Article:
Photo (cc) by Aurelijus Valeiša
Online purchases aren’t supposed to be exempt from sales tax. But in reality, few consumers end up paying taxes on items bought on the Internet.
Because of this, e-commerce sites like Amazon have enjoyed a competitive advantage over traditional brick-and-mortar retailers. That may soon change.
Congress is considering a new measure called the Marketplace Fairness Act, which would force online retailers with annual gross receipts above $1 million to collect sales tax. Some states already do this under so-called Amazon taxes, according to National Public Radio. Proponents say states could gain about $23 billion a year in uncollected sales taxes from online retailers.
Researchers at Ohio State University studied the impact of the online sales tax on online retail giant Amazon. The effect of the tax has been significant, though not that surprising.
In the five states – California, New Jersey, Pennsylvania, Texas and Virginia – the researchers studied, Amazon sales plummeted by 10 percent after the online sales tax was implemented, NPR said. For online purchases above $300, sales dropped by 24 percent.
So, where did those shoppers spend their money after pulling it from Amazon? According to Bloomberg:
Brick-and-mortar stores didn’t hugely benefit from households reducing their spending on Amazon. That’s because many shoppers simply turned to online alternatives.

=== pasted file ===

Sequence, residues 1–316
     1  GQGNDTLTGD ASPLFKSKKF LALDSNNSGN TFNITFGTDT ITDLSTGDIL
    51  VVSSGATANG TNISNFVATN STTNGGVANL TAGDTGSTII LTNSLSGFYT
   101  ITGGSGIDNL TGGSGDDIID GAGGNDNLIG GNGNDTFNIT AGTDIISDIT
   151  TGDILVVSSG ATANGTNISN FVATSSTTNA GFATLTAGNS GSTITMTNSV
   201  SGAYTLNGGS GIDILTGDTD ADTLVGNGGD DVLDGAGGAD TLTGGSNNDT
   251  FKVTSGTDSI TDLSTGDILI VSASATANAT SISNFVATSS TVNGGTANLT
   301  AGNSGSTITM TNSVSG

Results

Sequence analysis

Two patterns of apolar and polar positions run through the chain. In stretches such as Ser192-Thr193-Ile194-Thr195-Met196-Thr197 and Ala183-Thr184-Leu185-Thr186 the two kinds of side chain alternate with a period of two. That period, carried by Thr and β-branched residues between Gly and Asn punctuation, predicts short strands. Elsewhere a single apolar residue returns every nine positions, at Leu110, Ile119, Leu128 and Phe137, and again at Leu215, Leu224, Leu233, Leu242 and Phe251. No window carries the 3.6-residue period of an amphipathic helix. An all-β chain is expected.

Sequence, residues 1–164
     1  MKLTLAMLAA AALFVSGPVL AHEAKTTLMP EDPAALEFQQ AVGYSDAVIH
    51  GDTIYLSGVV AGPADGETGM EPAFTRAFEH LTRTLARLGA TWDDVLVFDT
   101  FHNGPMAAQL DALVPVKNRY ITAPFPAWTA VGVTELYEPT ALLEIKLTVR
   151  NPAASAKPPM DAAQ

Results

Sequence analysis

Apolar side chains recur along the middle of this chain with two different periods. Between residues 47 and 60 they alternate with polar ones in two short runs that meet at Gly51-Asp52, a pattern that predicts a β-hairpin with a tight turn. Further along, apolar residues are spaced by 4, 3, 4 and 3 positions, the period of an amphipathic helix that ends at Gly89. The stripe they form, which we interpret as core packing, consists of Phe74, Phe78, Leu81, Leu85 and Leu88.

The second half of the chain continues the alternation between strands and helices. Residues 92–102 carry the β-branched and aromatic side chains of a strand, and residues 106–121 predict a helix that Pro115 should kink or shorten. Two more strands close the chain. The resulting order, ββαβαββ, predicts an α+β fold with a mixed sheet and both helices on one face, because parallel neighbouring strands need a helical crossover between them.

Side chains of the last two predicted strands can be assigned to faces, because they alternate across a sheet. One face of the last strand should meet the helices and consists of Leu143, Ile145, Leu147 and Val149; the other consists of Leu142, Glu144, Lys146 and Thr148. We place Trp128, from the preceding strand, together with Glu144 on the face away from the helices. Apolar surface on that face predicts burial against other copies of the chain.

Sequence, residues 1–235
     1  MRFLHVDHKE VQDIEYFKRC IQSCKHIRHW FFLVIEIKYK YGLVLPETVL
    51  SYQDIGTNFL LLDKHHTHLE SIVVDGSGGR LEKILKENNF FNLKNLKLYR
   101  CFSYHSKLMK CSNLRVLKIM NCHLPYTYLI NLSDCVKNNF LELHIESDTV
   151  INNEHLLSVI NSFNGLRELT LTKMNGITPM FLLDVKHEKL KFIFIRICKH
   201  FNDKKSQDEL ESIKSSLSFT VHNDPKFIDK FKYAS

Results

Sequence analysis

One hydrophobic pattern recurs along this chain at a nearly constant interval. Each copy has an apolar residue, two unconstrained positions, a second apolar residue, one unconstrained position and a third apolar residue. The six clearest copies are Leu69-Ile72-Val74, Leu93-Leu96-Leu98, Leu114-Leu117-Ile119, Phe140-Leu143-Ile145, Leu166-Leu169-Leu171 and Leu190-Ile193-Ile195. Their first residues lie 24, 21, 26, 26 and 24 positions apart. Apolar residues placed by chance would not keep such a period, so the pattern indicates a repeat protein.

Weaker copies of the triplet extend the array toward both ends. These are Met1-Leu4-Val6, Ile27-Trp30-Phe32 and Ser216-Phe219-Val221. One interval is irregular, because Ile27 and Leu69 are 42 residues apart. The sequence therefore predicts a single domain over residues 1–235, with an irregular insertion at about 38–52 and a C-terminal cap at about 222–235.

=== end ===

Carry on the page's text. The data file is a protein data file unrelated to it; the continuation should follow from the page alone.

In total, brick-and-mortar retailers enjoyed a 2 percent bump in purchases in states that introduced an online sales tax, while competing online retailers got a 20 percent increase, the study found.
Amazon has actually benefited indirectly from consumers looking to avoid the online sales tax. Bloomberg said:
The biggest sales uptick — 61 percent for big-ticket items — went to merchants that use Amazon Marketplace. These outfits pay Amazon a fee to offer products through the Amazon website, yet don’t collect taxes. The products are typically available alongside Amazon’s own listings.
The Marketplace Fairness Act passed the Senate, and is stalled in the House.
It seems that the bill is an important step in leveling the playing field for online retailers and brick-and-mortar stores. And the way it’s written, it would only impact online retailers that gross above $1 million, ensuring that smaller sellers won’t be hurt.
Would your online shopping change if you had to pay sales tax? Share your comments below or on our Facebook page.